- Dan Graziano, ESPN Staff Writer
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So, the Philadelphia Eagles finally won a close game in the fourth quarter, and it was backup quarterback Vince Young who led the game-winning drive. And because they've lost so many close games in the fourth quarter this year and starting quarterback Michael Vick has not led any game-winning drives, this is going to raise eyebrows. Prompt chatter. Lead some people to argue that Young should remain the starter even once Vick returns from his broken ribs. I'm fairly certain my friend Skip Bayless is going to go on "First Take" this morning, rattle that table with his fist and argue this very point. (See below).
But he's wrong. And as another Overreaction Monday dawns in the NFL, everyone who thinks the Eagles would be better off with Young as the starting quarterback needs to take a step back and a deep breath and think about what they're saying. I can understand the rush to celebrate a fourth quarter finally gone right for a team that's blown fourth-quarter leads in five of its six losses. But it's important to remember how awful Young was in the first three, and to understand that if you play the first three quarters like that every week, you won't often get the chance to blow a lead in the fourth.
"It got better as it went on," Eagles coach Andy Reid said. "He kept firing, which you have to do. He had a couple of turnovers, but he came right back. He didn't flinch, like the seasoned veteran that he is."
One of the reasons the Eagles signed Young to be Vick's backup quarterback is that they thought, because of his 30-17 record as an NFL quarterback, he was the kind of guy who could step in and win them a game or two if Vick had to sit out with an injury. Sunday night's victory over the Giants delivered on that signing, even though it probably wasn't enough to make up for that regrettable "Dream Team" news conference the whole team has been trying to live down ever since. And if Vick doesn't heal in time and Young has to play against the Patriots on Sunday, it's certainly possible he could find a way to pull out another win.
But it's far from certain, and the way Young threw the ball for most of Sunday's game, I don't think the Eagles would want to count on it. Maybe for one week, maybe two, but not over any kind of long term. A healthy Vick is still a considerably better thrower and runner of the ball, and the Eagles' offense needs him back if it's to function at its accustomed high level for 60 minutes a week.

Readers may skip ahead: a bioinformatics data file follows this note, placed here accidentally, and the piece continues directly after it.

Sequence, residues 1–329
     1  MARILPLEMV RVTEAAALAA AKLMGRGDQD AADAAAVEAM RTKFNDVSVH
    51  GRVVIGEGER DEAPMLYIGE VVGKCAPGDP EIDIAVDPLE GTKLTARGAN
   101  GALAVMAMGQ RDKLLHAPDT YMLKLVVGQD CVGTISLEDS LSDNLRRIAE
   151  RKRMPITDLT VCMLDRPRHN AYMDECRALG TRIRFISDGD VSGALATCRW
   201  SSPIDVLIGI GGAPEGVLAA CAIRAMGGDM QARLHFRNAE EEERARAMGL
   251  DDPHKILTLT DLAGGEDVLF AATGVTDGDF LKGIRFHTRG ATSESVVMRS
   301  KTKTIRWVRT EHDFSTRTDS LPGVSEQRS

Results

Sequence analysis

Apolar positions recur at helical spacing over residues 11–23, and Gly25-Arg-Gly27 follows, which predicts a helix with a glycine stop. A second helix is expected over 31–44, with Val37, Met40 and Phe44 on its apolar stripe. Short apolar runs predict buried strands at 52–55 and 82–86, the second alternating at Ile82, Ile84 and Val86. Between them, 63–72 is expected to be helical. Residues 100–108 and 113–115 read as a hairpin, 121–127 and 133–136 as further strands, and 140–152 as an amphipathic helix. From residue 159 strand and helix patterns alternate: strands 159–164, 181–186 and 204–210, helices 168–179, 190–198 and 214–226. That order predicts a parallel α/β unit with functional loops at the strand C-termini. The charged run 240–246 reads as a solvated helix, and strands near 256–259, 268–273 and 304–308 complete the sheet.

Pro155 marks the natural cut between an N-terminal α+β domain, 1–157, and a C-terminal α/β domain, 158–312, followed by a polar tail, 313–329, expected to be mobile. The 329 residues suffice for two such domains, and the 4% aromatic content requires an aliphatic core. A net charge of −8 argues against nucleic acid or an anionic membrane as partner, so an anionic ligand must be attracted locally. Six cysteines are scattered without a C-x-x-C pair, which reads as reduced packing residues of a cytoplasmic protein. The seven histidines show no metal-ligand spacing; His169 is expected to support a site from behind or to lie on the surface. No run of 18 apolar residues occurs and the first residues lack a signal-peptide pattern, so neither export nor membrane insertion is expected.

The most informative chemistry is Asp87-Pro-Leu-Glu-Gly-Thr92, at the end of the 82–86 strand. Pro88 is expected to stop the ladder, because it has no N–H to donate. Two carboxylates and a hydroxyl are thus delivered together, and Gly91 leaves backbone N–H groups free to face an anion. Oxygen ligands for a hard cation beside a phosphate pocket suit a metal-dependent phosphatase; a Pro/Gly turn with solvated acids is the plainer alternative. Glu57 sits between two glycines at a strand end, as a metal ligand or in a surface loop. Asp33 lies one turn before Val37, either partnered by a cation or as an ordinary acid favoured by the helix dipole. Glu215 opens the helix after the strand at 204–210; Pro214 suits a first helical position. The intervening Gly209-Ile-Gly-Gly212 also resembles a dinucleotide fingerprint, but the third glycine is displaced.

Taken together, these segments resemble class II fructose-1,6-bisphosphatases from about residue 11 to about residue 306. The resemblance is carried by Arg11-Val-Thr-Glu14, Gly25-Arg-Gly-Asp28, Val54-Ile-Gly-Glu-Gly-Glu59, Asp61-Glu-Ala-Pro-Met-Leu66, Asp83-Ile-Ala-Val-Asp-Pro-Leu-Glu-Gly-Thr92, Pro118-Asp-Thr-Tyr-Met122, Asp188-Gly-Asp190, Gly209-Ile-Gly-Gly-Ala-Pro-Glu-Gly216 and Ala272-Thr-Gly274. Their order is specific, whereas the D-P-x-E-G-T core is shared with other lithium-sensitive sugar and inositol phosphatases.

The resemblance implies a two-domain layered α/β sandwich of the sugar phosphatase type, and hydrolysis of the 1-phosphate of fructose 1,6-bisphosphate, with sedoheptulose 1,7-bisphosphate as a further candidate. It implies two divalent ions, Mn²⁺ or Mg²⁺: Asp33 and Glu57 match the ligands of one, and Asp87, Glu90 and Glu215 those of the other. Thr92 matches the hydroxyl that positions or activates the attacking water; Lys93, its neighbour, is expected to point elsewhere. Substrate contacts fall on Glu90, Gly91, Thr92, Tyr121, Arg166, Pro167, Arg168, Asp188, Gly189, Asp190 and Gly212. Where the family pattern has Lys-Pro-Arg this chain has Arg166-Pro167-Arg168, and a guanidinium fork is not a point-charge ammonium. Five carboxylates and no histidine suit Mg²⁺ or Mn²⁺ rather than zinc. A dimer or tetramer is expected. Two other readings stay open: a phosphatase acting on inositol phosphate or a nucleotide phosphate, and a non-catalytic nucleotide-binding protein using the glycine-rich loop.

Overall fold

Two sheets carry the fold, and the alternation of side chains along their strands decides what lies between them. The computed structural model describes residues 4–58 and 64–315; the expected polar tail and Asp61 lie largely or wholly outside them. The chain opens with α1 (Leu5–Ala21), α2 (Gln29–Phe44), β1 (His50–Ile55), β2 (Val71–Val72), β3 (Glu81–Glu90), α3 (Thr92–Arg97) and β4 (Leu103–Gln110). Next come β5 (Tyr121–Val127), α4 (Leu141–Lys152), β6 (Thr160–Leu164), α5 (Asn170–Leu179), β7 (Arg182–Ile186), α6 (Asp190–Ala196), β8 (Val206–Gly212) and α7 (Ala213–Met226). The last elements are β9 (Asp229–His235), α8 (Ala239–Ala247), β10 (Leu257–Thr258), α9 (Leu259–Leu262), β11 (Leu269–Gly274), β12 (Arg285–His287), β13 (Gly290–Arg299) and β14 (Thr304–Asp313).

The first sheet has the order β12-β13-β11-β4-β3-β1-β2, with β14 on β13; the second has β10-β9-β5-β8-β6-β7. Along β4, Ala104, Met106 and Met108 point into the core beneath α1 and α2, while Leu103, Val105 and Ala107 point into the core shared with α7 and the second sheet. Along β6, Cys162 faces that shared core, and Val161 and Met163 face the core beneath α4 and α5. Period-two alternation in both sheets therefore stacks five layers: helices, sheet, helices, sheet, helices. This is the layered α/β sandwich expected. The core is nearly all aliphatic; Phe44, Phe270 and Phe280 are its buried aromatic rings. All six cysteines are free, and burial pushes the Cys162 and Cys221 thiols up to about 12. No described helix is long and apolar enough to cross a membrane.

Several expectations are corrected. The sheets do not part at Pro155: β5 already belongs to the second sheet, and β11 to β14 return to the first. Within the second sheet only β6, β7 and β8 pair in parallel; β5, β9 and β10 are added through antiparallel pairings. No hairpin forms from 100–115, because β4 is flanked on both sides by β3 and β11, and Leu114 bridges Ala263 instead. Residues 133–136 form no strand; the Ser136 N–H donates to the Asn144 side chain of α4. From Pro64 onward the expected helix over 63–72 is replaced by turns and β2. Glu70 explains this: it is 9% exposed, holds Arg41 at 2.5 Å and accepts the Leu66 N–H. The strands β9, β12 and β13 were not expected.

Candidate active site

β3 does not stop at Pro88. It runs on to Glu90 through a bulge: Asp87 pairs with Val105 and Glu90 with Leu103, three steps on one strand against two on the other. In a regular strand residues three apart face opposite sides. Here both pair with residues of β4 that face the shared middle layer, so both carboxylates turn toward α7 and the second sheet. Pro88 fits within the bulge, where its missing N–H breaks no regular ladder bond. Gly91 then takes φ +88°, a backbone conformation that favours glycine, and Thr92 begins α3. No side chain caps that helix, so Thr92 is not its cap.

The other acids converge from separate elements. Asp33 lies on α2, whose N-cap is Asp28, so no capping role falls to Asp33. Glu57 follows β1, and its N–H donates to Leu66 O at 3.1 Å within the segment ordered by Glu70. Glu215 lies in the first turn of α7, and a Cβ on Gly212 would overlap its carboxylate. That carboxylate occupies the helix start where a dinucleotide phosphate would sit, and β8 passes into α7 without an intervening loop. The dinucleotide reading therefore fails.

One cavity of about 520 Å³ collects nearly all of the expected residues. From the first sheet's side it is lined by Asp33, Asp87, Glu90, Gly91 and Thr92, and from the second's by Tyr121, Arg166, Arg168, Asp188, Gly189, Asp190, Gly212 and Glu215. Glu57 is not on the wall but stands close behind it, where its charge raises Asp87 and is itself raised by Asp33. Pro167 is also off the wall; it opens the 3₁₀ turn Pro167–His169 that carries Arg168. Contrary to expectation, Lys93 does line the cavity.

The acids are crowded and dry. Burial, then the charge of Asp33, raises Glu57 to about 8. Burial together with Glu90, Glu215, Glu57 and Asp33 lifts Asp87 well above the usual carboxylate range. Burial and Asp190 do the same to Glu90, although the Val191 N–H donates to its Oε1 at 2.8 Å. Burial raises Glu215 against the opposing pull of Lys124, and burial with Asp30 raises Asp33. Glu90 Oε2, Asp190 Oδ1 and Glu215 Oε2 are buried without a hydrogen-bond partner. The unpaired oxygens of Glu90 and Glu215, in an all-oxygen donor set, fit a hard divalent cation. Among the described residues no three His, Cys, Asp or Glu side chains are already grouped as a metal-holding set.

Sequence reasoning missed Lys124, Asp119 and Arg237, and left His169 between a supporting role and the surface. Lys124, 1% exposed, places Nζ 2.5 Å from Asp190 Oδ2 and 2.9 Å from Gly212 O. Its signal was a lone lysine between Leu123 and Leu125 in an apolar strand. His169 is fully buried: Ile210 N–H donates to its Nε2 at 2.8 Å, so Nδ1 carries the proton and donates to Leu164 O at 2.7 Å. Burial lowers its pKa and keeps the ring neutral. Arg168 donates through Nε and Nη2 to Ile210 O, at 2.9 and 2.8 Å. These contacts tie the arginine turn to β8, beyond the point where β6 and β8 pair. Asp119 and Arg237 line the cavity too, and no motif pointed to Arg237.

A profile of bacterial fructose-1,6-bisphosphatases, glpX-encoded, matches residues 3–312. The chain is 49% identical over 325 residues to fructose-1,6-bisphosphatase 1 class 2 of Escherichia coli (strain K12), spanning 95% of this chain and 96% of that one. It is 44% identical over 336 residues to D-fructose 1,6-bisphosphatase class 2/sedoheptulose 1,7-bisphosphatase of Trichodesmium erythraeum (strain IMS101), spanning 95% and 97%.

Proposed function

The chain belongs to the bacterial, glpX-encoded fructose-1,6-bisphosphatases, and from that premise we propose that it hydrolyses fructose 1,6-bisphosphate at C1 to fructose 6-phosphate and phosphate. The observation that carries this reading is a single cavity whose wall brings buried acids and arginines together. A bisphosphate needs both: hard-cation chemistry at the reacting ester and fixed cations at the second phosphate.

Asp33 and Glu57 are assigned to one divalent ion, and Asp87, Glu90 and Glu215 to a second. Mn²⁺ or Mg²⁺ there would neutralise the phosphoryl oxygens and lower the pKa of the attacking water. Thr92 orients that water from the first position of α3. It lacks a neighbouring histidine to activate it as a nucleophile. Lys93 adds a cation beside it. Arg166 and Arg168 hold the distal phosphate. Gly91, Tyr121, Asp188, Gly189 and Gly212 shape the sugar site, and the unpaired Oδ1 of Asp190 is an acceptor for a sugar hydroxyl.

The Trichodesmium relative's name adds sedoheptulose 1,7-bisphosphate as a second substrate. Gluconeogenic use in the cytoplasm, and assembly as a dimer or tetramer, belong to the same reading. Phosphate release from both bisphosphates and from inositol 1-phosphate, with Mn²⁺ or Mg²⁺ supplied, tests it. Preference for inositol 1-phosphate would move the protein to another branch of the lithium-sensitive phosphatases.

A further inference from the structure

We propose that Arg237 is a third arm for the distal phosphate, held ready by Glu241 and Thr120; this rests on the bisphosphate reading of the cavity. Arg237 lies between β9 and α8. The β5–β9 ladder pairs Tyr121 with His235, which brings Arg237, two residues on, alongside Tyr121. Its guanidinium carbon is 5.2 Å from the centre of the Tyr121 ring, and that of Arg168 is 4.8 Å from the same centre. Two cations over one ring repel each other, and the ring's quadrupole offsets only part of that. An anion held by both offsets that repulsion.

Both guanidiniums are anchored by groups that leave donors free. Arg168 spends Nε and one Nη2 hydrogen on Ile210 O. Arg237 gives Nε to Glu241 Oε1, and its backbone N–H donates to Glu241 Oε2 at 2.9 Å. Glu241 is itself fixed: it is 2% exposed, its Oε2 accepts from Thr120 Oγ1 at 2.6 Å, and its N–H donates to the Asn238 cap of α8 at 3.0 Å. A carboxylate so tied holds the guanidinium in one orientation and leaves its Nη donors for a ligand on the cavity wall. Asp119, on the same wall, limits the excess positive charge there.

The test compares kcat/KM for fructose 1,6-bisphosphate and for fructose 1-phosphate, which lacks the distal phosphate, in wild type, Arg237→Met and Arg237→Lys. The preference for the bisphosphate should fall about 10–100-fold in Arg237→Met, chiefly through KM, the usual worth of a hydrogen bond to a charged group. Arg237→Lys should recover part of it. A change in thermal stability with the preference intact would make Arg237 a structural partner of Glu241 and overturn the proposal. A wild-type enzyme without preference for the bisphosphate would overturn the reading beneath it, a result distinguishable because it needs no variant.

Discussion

"I'd rather just take it day by day," Reid said. "Mike's a good player. I'm pretty fortunate I have three good quarterbacks. We're lucky that way. We'll just see how things go with Mike. I'm not going to put him in a bad position, that's for sure."
Whoever plays quarterback for the Eagles on Sunday will look a lot better if the Eagles' defense and offensive line play the way they played Sunday night at the Meadowlands. The Eagles won this game not because of Vince Young, but because they outmuscled the Giants physically in the trenches all night. They cut off the Giants' running game. They pressured Eli Manning. They kept the Giants' formidable pass rush off of Young long enough for him to make plays.
And make plays he did. There were moments where he did things Vick doesn't do -- pull up just before crossing the line of scrimmage and spotting an open receiver. Sometimes he even managed to throw it to that open receiver, though often he missed quite badly.
"He got better as he went, and he trusted his ability," Reid said. "That's important -- to have that confidence."
Yes, Young led the winning, 18-play drive, converting an incredible six third downs along the way. And, yes, he deserves credit for that. But he doesn't deserve all of the credit for it. For instance, I'm pretty sure even he doesn't know how Jason Avant came up with that one catch down by his feet.
"That's just the kind of athlete he is," Young said of Avant.
You can make a similar comment about Young, whose NFL career to this point has been based on his abilities as an athlete and not as anything sustainable he's done as a starting quarterback. He hasn't started more than 10 games in a season since his second year in the league, and there are mountains of reasons for that. Immaturity is one, but the more important one to this argument is inconsistency. Young has flashed game-winning brilliance, but he's never been able to get away, for long stretches, from game-losing incompetence. And if the Eagles installed him as their starting quarterback, that would show up eventually. It always has with Young, and Sunday night's three-interception magic act did little to prove that it won't again.
The best move for the Eagles, once Vick is healthy enough, is to thank Young for doing the job of backup quarterback very well and put him right back on the bench. At this point in his career, that's what he is -- a backup. Just because he's a good backup doesn't make him a starter.